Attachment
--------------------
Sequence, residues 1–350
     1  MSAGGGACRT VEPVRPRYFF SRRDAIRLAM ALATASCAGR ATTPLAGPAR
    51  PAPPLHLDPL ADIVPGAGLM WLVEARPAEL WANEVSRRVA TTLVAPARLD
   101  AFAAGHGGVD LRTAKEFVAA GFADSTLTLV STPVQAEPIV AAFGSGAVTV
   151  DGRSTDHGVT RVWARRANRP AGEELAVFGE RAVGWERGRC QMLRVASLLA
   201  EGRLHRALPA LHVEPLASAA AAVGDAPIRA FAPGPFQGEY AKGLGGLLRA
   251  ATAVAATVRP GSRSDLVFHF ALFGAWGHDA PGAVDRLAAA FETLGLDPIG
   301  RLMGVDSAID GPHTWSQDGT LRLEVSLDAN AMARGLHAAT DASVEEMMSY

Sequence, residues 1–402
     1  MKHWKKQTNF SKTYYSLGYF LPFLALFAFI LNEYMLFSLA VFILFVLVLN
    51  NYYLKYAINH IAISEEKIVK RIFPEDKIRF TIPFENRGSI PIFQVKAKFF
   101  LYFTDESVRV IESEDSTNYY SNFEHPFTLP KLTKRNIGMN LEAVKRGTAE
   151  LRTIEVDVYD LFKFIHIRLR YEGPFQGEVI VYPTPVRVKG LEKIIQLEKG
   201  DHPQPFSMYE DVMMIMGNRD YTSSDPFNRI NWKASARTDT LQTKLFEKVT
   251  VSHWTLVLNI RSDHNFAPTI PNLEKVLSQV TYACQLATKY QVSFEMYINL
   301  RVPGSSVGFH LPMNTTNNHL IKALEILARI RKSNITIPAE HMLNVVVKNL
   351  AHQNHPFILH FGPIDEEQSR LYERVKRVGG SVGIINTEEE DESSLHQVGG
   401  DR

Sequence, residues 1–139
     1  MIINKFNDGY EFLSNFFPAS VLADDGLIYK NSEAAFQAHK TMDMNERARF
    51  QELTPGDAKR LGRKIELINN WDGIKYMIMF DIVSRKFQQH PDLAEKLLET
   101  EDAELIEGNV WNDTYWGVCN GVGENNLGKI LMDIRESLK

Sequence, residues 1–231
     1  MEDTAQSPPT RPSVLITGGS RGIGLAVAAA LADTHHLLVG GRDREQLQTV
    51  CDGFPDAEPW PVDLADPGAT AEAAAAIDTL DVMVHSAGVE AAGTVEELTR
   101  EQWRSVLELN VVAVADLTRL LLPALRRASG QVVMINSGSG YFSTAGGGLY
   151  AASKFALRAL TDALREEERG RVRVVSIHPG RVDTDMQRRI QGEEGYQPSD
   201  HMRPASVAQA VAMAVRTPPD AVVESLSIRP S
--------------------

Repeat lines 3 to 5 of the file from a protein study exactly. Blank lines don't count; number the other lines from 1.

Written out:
    51  PAPPLHLDPL ADIVPGAGLM WLVEARPAEL WANEVSRRVA TTLVAPARLD
   101  AFAAGHGGVD LRTAKEFVAA GFADSTLTLV STPVQAEPIV AAFGSGAVTV
   151  DGRSTDHGVT RVWARRANRP AGEELAVFGE RAVGWERGRC QMLRVASLLA